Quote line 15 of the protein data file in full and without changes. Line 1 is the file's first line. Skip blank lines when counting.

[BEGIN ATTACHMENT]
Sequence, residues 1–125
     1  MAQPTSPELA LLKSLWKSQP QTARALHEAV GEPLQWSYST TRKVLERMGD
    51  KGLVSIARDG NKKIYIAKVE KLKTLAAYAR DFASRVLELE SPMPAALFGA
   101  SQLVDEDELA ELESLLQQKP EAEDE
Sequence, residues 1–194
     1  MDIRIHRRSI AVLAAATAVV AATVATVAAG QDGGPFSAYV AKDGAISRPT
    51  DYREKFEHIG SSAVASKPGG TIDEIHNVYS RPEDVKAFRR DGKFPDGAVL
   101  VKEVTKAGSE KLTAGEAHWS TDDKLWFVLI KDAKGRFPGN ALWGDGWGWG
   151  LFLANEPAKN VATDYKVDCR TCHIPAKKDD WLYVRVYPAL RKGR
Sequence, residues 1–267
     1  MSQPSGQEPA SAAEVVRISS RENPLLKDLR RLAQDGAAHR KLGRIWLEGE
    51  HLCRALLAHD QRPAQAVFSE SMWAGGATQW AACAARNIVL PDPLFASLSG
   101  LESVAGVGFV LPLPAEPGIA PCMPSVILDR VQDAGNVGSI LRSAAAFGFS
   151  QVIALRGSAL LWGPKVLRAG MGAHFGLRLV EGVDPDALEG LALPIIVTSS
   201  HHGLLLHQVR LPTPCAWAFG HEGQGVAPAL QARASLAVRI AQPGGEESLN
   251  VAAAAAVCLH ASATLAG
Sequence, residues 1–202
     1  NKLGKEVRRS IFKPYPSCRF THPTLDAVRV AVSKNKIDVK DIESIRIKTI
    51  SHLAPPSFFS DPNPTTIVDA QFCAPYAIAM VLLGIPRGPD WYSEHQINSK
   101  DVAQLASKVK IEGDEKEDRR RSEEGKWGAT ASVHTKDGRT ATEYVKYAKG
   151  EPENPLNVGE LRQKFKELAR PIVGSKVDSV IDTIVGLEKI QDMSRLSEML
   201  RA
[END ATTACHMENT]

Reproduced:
   201  HHGLLLHQVR LPTPCAWAFG HEGQGVAPAL QARASLAVRI AQPGGEESLN